Three Lessons Learned from Paulo Coelho’s The Alchemist

The Alchemist is a bestselling novel written by Paulo Coelho and published in 1988. Since then, it’s been translated into languages all over the world and adapted to film, theatre, and music. One of the most popular and most highly recommended novels of all time, it seems almost silly introducing it.

However, while it is a novel, The Alchemist can often read more like a self-help book. The book relies heavily on allegory and symbolism to tell the story of Santiago, a Spaniard shepherd-turned-adventurer seeking treasure in Egypt. His journey is long and often terrifying, but the lessons and experiences he gains along the way are more life-changing than the treasure he seeks.

These lessons are not exclusive to Santiago, either. We could all stand to learn from the wisdom buried in Coelho’s book. Here are four of our favorite lessons from The Alchemist.

Everyone has—and should live by—their Personal Legend.

At the beginning of the novel, Santiago meets an old king named Melchizedek, who tells him about Personal Legends. Everyone has a Personal Legend, he explains, but many people choose to ignore theirs. Those who seek out their Personal Legend, however, are often much happier.

A Personal Legend, in its simplest form, is a goal we wish to achieve. For Santiago, his Personal Legend was to find the treasure at the pyramids. It ends up being much easier said than done but, as Melchizedek tells him, the universe has a way of helping people fulfill their Personal Legend if they want it badly enough.

Characters in the book often refer to the Soul of the Universe, a guiding force that helps us live our Personal Legend. We can access the Soul’s power by listening to its suggestions. Living our dreams takes passion and hard work but it also takes the openness to listen to the universe’s stage directions when they’re given.

While Santiago receives help that seems downright mystical, this belief still holds true in real life. When we want something badly enough, we’ll do whatever it takes to get it. This effort can often mold itself into a self-fulfilling prophecy, fueled by our belief and our drive. Autosuggestion is a powerful tool.

The path to happiness is long, winding, and not always clear.

Santiago travels all the way from southern Spain to the pyramids of Egypt to seek his fortune. He’s told all throughout the book that the treasure he seeks is in Egypt, and it takes him several years to get there. Along the way, he’s robbed more than once, captured by bandits, and suffers a number of other atrocities and obstacles.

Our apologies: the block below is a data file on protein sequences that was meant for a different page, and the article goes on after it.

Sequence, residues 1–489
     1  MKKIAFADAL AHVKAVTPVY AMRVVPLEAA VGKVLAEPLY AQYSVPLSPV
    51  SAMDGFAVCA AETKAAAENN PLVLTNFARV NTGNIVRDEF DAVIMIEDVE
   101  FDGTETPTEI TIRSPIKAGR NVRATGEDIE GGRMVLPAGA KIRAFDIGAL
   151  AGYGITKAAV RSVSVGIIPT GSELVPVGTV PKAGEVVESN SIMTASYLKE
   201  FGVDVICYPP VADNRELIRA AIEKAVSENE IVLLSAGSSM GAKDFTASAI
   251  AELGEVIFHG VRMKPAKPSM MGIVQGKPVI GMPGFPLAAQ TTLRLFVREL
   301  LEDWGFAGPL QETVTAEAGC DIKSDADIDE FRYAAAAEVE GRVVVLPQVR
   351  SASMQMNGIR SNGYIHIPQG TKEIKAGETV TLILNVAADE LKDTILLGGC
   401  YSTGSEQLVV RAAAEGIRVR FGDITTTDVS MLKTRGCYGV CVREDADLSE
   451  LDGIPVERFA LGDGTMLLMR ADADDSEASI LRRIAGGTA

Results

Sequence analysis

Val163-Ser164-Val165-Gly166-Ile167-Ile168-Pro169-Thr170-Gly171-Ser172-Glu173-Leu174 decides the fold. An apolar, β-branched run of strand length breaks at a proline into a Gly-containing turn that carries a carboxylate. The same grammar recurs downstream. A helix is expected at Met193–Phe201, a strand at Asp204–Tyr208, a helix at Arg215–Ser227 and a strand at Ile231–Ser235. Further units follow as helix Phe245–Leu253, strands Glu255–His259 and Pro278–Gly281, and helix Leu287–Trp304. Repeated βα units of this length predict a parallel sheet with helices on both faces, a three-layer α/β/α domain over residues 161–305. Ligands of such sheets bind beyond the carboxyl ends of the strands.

Then, when he finally reaches Giza, (spoiler alert) he learns that the treasure he seeks is actually all the way back in Spain, in the very abandoned church where his journey first started! He travels all the way back home to get his fortune but wonders why he had to go all the way to Egypt just to be sent back home. He then gets an answer from the wind: If he’d simply gotten the treasure right away, he wouldn’t have seen the pyramids.

Santiago’s journey might have had its fair share of trials, but he also had many positive experiences. He met incredible people, helped turn a struggling crystal merchant into a wealthy and successful small business owner, studied alchemy, fell in love, and discovered his own power as a prophet and alchemist. Had he not traveled and struggled, he would have missed out on all these things.

So, yes, he suffered, but he also came out of it all far richer than he would have been with just the treasure.

The number one dream-killer is fear.

There are many points in Santiago’s journey where he considers giving up, packing his things, and going home. He wouldn’t have been alone, either. Every day, people give up on their dreams or never chase them in the first place. But why?

The answer is simple: Fear. We fear failure, rejection, fear, and the unknown. It’s much easier to stick with a comfortable if unfulfilling life because it’s familiar and safe. Breaking free of everything we know and stepping outside of our comfort zone is terrifying. We can’t use our knowledge and experiences to predict what will happen.

When Santiago learns to control his fear and continue his adventures in spite of it, things start going right for him. The same holds true for us. Fear is a natural response to perceived danger and shouldn’t be ignored. However, we must also make sure we aren’t at the mercy of our fears, either. If we let our anxieties dictate our lives, we’ll never get further than our front door.

When we rise above our fears, however, and stay open to the guiding signs of the universe, we can become anything. Even the wind.

If you need some inspiration, or help facing your fears, try any of our Get Inspired modules in Make Me Fabulous. We particularly recommend The Mindbus, to help stop negative thoughts in their tracks.

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